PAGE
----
The writing in terms of dialogue flowed and felt incredibly natural, as it does in most Spielberg films. John Williams score, while clearly a John Williams score, is the perfect mix of innocence, action/adventure and drama as the story calls for it. I would strongly compare the pacing and acting to Catch Me if You Can, as that film also had several major settings that shifted as the film progressed. I found War Horse to actually be better paced as it has a few more settings (about 5, possibly 6 in total?) and each one is shorter than the ones in the aforementioned film. Best of all the film actually ends when it ends, the story concludes and there are no tacked on or forced endings for the sake of pandering or over explaining as many recent films have had.

As far as the directing, I don't know if one can compare anything to the seeming effortless magic he created in his early films or certain efforts from the 90's but this would be Spielberg above his recent best and closer to those older films in quality. Everything unfolds visually in such an easy to follow an familiar way while still being unique and involving. There are some masterful shots that recall the opening of Saving Private Ryan but in an artistically different way. This is unquestionably due in part to the fact that this film has been made family friendly, while that could serve as a criticism I didn't find the film to be aimed specifically at families, though it has been made to facilitate viewing by younger children. Rather than illustrating the pure violence of battle as he did in SPR, Spielberg spends his time in this film showing the brutality of war in a creative fashion that suggests the horror more than displaying it. There is one such scene in particular where mounted soldiers ride into battle and on the other end of the shot their empty horses emerge without many of the riders they once carried.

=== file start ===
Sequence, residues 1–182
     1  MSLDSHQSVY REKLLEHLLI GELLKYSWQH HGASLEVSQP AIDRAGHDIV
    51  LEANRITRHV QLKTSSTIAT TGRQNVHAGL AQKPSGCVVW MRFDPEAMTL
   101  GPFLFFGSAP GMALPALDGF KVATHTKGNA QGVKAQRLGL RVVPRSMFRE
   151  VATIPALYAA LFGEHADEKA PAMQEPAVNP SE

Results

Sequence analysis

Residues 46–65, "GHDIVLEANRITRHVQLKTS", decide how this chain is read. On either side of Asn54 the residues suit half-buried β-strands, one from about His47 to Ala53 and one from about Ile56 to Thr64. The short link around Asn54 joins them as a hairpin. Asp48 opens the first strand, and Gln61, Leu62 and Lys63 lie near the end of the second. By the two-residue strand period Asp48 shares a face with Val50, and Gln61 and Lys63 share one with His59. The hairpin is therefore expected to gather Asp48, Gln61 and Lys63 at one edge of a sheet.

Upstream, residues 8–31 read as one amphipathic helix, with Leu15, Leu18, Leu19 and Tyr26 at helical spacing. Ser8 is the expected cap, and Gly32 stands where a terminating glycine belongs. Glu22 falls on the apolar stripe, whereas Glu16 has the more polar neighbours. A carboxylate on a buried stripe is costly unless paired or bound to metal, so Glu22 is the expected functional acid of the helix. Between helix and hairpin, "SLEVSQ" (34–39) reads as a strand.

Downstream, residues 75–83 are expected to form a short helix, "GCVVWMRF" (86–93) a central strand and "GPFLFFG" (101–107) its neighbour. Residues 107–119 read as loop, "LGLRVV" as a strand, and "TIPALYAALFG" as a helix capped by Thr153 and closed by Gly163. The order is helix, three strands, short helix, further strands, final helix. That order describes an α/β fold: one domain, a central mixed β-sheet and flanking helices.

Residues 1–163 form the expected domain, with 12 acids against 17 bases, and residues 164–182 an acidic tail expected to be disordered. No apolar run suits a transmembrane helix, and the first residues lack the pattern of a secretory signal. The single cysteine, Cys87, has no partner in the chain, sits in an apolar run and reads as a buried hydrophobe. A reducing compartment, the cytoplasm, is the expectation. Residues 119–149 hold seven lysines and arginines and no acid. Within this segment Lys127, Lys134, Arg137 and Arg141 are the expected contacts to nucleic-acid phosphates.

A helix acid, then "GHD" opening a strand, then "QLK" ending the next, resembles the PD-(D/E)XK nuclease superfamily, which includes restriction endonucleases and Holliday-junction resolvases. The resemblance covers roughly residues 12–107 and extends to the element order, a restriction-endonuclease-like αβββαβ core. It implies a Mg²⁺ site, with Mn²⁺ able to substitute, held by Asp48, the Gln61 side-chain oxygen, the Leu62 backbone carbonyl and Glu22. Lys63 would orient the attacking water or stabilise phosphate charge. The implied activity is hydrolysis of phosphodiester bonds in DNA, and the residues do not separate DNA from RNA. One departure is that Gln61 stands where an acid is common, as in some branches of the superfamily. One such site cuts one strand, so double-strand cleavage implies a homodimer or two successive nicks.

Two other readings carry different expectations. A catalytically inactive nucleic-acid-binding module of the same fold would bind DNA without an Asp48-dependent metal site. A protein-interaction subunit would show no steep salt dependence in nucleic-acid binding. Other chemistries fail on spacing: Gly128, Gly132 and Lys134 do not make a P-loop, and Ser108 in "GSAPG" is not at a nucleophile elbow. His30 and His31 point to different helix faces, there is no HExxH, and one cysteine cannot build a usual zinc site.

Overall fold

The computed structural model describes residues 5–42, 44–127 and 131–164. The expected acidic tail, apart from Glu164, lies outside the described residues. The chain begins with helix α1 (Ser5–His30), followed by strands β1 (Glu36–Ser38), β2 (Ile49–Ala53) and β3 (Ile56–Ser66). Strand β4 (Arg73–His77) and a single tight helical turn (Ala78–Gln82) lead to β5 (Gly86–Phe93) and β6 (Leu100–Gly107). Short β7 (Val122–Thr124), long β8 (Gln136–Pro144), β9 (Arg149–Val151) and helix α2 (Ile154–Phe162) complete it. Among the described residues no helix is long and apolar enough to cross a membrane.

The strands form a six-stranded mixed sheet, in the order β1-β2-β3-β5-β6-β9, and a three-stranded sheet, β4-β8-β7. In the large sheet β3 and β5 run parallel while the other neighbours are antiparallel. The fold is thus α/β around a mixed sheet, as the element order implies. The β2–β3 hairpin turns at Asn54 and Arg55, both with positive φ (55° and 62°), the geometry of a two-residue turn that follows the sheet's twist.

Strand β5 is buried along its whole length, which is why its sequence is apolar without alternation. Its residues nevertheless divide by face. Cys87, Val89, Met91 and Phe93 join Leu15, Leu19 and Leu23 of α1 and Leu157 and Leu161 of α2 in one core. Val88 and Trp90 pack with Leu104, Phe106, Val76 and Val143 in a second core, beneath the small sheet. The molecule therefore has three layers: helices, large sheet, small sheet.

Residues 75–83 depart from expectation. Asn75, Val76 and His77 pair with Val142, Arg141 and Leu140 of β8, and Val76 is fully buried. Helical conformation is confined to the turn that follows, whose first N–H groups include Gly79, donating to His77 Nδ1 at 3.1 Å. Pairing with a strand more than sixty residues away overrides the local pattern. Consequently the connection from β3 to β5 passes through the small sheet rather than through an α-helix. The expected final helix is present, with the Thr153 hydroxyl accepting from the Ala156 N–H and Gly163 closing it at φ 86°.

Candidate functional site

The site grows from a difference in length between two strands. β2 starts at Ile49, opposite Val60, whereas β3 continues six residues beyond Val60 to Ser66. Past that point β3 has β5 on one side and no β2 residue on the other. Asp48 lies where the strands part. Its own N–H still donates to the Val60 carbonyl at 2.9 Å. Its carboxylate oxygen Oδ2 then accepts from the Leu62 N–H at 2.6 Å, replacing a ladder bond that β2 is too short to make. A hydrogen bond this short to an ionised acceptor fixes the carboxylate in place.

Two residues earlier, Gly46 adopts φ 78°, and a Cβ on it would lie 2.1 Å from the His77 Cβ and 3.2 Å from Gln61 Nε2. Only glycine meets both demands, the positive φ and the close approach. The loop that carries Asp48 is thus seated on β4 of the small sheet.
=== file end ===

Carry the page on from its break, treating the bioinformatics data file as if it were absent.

In a sea of films about special effects, high concept stories or big names here is a film that is a complete film on its own without any gimmicks, as fun as gimmicks can be (Mi4 for example). This film is an actual experience for those who are open to it. Girl with the Dragon Tattoo was an excellently crafted film that pushed the dark and grittiness, War Horse is a excellently crafted film that pushes the lighter elements but both are equally enjoyable and excellently made. Watching a good Spielberg film is like watching the epitome of what film is. It's like more recently watching Christopher Nolan's films, there are always flaws in any film but films such as theirs are so carefully and purposefully made as films that they are engaging and fully engrossing.

One potential weakness I will admit, though I feel a reviewing of the film would diminish it, is that the film doesn't have as strong an arc as most films. The characters change but so much of it is internal here. The horse's first owner does change but he is absent through the middle of the film, the various other owners also change in varying ways but all during their own vignettes. The horse itself has changed in much the same way as his owner as suggested by the final shot of the film, but perhaps critical audience members won't pick up on this. That said, one could (and I would say should) view this subtlety as purposeful. The film isn't as much about how the boy or the horse has changed but how despite all they've been through they managed to stay so much the same, they maintain what could easily have been lost.

I dunno, I personally love it (5 Stars) but for objectivity I'll give it 4/5 for general audiences, I think most everyone I described at the beginning of this review will like this film if they view it. For those who feel it is heavy handed and melodramatic go and watch Girl with the Dragon Tattoo, its also an excellent film but there is no overt display of emotion to be found there. Thanks for your time
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on January 21, 2012